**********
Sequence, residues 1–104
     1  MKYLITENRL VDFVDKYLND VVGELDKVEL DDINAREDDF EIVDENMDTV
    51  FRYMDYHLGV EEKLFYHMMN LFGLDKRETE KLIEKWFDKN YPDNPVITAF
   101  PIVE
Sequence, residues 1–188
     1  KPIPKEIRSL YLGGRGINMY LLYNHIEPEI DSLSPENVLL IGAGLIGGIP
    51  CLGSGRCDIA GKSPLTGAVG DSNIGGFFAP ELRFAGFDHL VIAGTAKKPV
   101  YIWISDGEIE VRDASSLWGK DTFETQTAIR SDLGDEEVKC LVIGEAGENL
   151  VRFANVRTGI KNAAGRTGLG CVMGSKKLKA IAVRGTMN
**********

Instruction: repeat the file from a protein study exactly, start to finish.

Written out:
Sequence, residues 1–104
     1  MKYLITENRL VDFVDKYLND VVGELDKVEL DDINAREDDF EIVDENMDTV
    51  FRYMDYHLGV EEKLFYHMMN LFGLDKRETE KLIEKWFDKN YPDNPVITAF
   101  PIVE
Sequence, residues 1–188
     1  KPIPKEIRSL YLGGRGINMY LLYNHIEPEI DSLSPENVLL IGAGLIGGIP
    51  CLGSGRCDIA GKSPLTGAVG DSNIGGFFAP ELRFAGFDHL VIAGTAKKPV
   101  YIWISDGEIE VRDASSLWGK DTFETQTAIR SDLGDEEVKC LVIGEAGENL
   151  VRFANVRTGI KNAAGRTGLG CVMGSKKLKA IAVRGTMN